It was bittersweet. He deserved the moment, the acknowledgement, the applause, the praise. It was good to have Charlie Manuel around again, even for just one night, and even if that night also served as a painful reminder about what once was but no longer is.
Manuel can still make you smile. The speech he gave during his wall of fame ceremony was classic Charlie. It was perfect because of the imperfections. He mapped his own route down memory lane, complete with funny and abrupt turns, and he invited everyone along for one last journey. It was quite a trip. And then, having reached the end, he employed an old line one more time: “This is for Philadelphia.” It was, of course, the same sentiment he expressed when he addressed the crowd after the 2008 World Series parade. That was six years ago. It feels more like six decades.
When the Phillies and Manuel parted company last year — choosing to divorce before the season was over — it served as the ugly end to an otherwise pleasant union. All those playoff runs. All those consecutive NL East titles. The World Series win. The merciful termination of the city’s excruciating 25-year championship draught. That was a good era. But all things end, and change is eventually necessary. The idea, the implication, was that a new manager might help course correct an organization that had quite clearly lost its way.
So much for that.
On Aug. 14 of last year, the Phillies were 53-67. They were 20 1/2 games out of first place in the National League East. Only the Miami Marlins were worse. They were not a good team.
On Aug. 14 of this year, the Phillies are 53-68. They are 13 1/2 games out of first place in the National League East. No team in the division is worse. They are not a good team.
Charlie Manuel was the fall guy a year ago. It was bound to happen, even if it wasn’t fair (it wasn’t), even if it wasn’t his fault (it wasn’t), and even if it didn’t change anything (it didn’t). It happens to almost every coach/manager. When the losing starts and the breaks give out and the bus starts rolling downhill, someone gets thrown under the tires. That someone, sadly, was Manuel.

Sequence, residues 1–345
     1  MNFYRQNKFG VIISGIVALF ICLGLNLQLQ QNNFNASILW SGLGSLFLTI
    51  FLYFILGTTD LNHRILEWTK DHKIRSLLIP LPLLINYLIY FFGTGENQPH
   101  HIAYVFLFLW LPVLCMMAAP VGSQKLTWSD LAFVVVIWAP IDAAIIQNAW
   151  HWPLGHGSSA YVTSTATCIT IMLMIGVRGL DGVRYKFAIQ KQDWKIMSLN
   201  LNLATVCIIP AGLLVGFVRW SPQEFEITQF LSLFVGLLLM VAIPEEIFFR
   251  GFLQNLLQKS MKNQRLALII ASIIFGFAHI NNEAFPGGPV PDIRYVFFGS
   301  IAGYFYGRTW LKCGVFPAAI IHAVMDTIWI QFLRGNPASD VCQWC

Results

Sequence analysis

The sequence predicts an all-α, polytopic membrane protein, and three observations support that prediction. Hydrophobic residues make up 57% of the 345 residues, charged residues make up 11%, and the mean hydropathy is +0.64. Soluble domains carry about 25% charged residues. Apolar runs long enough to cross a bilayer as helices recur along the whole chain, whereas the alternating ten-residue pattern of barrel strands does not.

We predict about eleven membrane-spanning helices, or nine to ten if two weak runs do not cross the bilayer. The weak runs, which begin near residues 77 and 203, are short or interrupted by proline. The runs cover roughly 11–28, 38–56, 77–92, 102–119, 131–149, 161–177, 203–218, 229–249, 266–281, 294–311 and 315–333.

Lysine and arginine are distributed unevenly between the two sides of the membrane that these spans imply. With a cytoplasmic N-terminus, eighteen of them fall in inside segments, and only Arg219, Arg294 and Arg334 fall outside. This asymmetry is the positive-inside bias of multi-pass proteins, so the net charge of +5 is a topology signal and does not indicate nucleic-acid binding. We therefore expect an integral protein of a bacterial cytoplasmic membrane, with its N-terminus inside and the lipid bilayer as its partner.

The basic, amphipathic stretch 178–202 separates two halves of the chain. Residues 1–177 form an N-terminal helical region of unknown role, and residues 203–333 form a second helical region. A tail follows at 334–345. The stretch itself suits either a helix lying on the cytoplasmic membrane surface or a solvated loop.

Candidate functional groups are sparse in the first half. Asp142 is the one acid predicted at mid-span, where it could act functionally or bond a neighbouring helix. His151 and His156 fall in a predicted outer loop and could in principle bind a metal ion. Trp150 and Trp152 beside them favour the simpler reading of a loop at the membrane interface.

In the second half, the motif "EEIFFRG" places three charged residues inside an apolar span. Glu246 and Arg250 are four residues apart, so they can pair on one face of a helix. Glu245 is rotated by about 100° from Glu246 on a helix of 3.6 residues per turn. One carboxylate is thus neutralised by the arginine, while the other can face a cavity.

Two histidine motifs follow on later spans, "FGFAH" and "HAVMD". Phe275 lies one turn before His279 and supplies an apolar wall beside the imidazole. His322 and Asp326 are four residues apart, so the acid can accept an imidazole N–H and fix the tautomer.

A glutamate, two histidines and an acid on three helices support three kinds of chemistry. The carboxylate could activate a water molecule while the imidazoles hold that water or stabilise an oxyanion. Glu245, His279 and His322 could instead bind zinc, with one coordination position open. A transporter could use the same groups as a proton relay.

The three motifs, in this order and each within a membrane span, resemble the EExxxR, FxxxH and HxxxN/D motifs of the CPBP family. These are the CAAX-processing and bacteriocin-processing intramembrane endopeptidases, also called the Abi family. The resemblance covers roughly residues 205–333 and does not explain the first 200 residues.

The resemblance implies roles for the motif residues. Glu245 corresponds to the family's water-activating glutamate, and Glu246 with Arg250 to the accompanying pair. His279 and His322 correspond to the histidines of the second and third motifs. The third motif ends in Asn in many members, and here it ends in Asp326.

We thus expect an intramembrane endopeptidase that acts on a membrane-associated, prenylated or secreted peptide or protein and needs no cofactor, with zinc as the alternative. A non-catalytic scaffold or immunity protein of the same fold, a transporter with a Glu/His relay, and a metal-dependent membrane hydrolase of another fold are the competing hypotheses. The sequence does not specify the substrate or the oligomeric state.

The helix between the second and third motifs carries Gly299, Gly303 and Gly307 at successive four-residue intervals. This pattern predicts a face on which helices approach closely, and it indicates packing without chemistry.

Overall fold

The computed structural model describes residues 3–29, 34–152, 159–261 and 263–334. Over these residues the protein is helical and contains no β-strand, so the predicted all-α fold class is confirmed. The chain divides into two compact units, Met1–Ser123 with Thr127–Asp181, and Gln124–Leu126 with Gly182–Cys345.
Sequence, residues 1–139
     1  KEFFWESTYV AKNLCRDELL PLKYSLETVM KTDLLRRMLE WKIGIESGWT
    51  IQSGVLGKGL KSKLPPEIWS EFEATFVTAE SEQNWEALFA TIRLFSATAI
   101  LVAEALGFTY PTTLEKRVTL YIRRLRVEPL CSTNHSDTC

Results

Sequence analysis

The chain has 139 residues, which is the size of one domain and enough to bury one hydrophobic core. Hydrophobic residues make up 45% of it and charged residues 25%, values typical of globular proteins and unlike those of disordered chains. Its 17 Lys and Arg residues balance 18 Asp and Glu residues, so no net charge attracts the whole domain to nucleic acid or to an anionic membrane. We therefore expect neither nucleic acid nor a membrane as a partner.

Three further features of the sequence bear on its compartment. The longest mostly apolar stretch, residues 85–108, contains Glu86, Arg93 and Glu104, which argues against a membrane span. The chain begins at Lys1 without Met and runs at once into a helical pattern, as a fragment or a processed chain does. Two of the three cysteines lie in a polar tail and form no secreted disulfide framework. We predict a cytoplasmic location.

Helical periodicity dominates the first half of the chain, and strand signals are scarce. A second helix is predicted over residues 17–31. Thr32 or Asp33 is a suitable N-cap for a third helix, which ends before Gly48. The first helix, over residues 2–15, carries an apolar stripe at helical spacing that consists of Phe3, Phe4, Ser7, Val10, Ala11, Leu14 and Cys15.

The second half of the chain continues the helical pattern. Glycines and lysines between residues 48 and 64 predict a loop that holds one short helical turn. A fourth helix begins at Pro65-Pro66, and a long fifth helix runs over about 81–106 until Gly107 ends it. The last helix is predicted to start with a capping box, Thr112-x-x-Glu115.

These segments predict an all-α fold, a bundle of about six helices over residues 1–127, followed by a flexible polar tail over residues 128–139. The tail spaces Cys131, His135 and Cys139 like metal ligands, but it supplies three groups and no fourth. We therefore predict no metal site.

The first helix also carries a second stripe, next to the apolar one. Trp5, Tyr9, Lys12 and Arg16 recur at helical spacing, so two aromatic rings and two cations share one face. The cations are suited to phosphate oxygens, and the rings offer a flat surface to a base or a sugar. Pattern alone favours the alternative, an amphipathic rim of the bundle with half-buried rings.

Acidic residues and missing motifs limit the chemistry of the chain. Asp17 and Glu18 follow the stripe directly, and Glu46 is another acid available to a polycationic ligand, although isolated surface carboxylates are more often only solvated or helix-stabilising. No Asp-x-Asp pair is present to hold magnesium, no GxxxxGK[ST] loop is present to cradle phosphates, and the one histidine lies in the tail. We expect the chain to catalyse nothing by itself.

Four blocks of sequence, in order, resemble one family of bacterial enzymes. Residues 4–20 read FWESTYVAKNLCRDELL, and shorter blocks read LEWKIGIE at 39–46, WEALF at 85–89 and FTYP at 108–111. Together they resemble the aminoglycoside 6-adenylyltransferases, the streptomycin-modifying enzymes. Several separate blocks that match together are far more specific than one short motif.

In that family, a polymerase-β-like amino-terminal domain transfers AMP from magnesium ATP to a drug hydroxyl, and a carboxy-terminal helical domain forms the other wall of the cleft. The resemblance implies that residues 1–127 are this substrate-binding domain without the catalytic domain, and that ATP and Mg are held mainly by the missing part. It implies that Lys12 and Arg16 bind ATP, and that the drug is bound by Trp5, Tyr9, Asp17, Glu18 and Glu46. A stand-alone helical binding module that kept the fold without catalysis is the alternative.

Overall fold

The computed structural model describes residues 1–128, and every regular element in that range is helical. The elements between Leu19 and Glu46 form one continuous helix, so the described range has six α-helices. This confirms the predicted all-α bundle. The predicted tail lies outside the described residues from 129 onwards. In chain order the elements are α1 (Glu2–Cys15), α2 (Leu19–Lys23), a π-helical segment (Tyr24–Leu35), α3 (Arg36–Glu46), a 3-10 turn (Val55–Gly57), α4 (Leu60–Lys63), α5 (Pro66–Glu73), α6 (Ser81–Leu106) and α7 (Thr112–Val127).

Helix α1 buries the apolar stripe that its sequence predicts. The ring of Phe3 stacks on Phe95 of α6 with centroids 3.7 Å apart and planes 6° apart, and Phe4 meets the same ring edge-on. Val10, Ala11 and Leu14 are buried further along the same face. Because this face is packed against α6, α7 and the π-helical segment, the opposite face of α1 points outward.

Barely a year later, people are already wondering if the bus will back up and roll over Ryne Sandberg next. In a recent FoxSports story, Ken Rosenthal outlined several managers and general managers who might be “sent packing.” You can probably guess which names landed at the top of his list in those respective categories. The piece even featured the obligatory photo of Ruben Amaro chatting with Sandberg.
Rosenthal noted how attendance has cratered (an average of 44,000 between 2009-12, to just north of 30,300 this season) and how things are not going well for the Phillies on any front. (No kidding.) Sandberg hasn’t done much to wow as a manager, and the well-publicized friction between him and certain players wasn’t a good look for him. But, like Manuel before him, there’s only so much he can be realistically asked to do. Maybe Sandberg hasn’t cleaned up the mess, but disaster was spilled all over the organization before he arrived.
The manager should play guys like Darin Ruf more and guys like Ben Revere and Dom Brown less, but beyond that there's only so much he can do. Sandberg inherited a team well past its prime. The Phillies have the fifth oldest team in baseball, and they’re really (really, really) close to having the oldest club. They’ve become a retirement home. They don’t hit well (26th in average, 27th in OBP, 28th in slugging). They don’t pitch well (17th in batting average against, 22nd in ERA). The the bench isn’t any good. And there is an alarming lack of talent in the farm system. It is a grim picture, and Sandberg had very little to do with the rendering.
Of the 52 managers in Phillies history, only 19 have failed to manage more than 200 games. Sandberg is currently one of them. Lee Elia got 254 games even though he had had .439 winning percentage. Nick Leyva got 338 games even though he had a .439 winning percentage. Frank Lucchesi got 399 games even though he had a .416 winning percentage.
It would be hard to imagine the Phillies cutting Sandberg loose. It’s not really the organization’s style. He should have a job — if he wants it. It would be hard to blame Sandberg if he doesn’t. Moving on to do something else probably sounds pretty good to him right about now. Maybe someone would even name a horse after him.